Edited: on the first revision the first paragraph was mistakenly dropped.

Suppose I am interested in buying an asset, such as a stock or foreign exchange, and would like to compare its price to its historical prices, taken daily. It is assumed that a lower price indicates a stronger indication for buying that asset. One way to do this would be to look at its prices in the last $n$ days, and determine the percentile of the current price with relation to the last n prices.

However, that percentile might be very different for different values of $n$. An asset might be on the 5th percentile with relation to the last month ("cheep"), on the 40th percentile with relation to the last 3 months ("ok"), and on the 85th percentile with relation to the last 12 months ("expensive").

One approach I can think of is taking the percentile values for all time-windows from $n_1$ to $n_2$, where $n_1 < n_2$:

$$P_i(x_0, \ldots, x_i) = \text{Percentile}(x_0 | \{x_1, x_1, \ldots, x_i \}), \forall i=n_1, n_1 + 1, \ldots, n_2 - 1, n_2$$

Where $x_i$ indicates the price observed $i$ periods back from now.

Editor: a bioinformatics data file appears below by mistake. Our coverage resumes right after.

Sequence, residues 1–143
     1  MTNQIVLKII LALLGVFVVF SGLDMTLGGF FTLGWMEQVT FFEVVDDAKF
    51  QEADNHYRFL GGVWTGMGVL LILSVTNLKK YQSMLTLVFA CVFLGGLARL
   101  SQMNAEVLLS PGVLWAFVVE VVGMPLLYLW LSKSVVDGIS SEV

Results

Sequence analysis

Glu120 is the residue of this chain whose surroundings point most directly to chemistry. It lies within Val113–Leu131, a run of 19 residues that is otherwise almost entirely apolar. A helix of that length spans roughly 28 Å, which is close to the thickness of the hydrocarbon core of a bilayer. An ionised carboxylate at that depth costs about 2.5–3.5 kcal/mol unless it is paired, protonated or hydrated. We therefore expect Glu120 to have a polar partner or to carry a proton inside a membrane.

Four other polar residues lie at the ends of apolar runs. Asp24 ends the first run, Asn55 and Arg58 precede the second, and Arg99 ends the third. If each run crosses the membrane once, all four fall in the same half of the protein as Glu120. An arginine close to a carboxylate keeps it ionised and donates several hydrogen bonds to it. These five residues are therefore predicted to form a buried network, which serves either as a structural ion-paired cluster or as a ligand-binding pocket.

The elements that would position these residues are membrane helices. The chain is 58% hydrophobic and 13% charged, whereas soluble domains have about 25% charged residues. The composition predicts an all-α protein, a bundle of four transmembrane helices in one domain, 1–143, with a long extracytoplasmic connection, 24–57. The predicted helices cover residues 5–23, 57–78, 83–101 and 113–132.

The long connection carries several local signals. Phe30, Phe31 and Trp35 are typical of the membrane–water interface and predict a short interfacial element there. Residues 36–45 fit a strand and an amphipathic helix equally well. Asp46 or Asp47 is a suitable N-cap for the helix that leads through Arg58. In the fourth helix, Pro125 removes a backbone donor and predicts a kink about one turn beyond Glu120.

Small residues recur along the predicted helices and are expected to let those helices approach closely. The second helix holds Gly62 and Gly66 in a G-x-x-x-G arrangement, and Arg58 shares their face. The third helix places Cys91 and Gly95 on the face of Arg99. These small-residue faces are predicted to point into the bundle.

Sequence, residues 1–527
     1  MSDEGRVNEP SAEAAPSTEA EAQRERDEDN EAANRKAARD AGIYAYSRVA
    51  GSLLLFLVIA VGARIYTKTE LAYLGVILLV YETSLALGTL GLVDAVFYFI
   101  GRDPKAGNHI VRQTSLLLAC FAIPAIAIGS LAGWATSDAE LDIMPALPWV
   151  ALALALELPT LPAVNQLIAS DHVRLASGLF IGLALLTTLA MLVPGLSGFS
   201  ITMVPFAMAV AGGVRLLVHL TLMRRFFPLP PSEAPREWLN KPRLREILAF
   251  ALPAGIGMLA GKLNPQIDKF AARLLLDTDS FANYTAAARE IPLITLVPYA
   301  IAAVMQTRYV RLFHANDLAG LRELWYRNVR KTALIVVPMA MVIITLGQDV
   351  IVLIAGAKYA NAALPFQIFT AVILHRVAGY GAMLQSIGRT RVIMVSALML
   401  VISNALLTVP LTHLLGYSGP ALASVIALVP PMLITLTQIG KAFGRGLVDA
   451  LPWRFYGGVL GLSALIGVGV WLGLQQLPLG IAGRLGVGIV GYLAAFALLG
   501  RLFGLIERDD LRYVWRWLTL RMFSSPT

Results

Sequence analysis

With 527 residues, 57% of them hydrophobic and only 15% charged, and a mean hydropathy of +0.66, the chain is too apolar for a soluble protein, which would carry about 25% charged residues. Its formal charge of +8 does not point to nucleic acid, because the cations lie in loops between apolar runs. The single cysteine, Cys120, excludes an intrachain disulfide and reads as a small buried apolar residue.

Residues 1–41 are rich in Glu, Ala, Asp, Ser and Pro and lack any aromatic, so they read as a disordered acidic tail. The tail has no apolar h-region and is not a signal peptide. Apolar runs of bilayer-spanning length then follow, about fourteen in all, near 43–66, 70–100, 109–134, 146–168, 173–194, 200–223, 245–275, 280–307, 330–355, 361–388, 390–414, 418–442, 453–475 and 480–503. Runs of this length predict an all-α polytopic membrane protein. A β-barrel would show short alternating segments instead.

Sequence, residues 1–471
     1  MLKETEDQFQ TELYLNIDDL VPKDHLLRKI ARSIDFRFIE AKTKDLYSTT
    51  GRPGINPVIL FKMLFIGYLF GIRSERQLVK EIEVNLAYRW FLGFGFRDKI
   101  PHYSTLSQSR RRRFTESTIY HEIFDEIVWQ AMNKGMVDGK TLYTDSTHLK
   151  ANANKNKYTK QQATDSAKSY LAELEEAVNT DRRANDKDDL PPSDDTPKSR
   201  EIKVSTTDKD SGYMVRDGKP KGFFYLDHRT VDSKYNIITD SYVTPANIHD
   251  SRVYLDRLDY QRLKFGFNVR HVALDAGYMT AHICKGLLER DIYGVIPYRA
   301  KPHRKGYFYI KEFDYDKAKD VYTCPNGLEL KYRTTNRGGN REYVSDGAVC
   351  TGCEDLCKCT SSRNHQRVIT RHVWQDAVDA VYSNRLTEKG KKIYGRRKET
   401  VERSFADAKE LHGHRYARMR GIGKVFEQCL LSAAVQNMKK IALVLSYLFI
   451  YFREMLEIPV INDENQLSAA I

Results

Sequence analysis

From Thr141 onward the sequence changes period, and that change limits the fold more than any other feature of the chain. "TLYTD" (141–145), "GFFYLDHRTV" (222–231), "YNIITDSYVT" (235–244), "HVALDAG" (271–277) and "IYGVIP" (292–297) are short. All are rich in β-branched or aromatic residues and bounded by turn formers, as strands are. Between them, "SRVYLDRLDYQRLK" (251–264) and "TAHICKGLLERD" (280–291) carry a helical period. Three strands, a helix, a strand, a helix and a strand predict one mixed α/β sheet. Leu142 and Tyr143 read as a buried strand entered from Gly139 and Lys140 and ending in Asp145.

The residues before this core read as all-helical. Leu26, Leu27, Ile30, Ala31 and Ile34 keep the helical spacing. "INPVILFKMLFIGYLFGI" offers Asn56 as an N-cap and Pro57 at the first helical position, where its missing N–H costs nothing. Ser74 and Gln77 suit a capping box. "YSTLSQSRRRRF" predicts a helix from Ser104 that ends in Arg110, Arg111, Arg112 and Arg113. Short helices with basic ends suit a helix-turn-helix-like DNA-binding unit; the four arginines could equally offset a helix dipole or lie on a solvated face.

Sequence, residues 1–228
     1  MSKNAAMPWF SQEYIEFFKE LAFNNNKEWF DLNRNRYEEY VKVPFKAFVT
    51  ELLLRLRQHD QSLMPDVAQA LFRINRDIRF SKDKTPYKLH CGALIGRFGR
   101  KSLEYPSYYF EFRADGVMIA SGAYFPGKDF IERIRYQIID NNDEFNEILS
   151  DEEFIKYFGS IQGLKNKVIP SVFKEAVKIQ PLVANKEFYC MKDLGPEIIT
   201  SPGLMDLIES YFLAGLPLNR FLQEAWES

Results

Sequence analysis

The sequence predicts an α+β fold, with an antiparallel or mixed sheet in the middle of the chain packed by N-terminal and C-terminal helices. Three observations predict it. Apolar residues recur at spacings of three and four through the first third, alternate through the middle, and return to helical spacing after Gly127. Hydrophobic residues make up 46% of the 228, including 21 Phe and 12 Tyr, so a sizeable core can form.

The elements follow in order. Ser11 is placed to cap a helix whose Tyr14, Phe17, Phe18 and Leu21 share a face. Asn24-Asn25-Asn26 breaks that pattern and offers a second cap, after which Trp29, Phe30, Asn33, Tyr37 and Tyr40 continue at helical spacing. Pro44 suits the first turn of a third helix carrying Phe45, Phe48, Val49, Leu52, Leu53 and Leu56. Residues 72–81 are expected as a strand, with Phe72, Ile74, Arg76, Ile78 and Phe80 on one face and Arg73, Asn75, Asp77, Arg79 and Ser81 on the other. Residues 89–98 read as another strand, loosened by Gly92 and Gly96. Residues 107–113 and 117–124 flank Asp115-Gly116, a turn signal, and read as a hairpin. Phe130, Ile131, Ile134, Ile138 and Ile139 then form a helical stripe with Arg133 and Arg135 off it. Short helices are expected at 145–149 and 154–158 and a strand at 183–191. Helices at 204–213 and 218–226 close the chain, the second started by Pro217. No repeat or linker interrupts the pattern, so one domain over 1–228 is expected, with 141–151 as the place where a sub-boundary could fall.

Then we can somehow calculate a combined measure of these values - either using simple average or weighted average (weighted according to the size of the window, age of observations, or any other way). Similarly this could be done with median instead of average. For example:

$$\hat{P}_{n_1}^{n_2} = \frac{1}{n_2-n_1+1} \sum_{i=n_1}^{n_2} P_i$$

Is the simple average of $n_2 - n_1 + 1$ periods

I could not find any reference to a similar existing approach, so I'm wondering:

  1. Does such approach, or a similar one, already exists?
  2. Do you think this might be a good measure for assessing the relative price of an asset, with regard to different time-scales?
  • $\begingroup$ Taking mean of lagged percentiles will be biased at least because the larger lag percentiles depend on short lag percentiles, thus your variable is not independent. $\endgroup$ – Alexey says Reinstate Monica Apr 3 at 12:20

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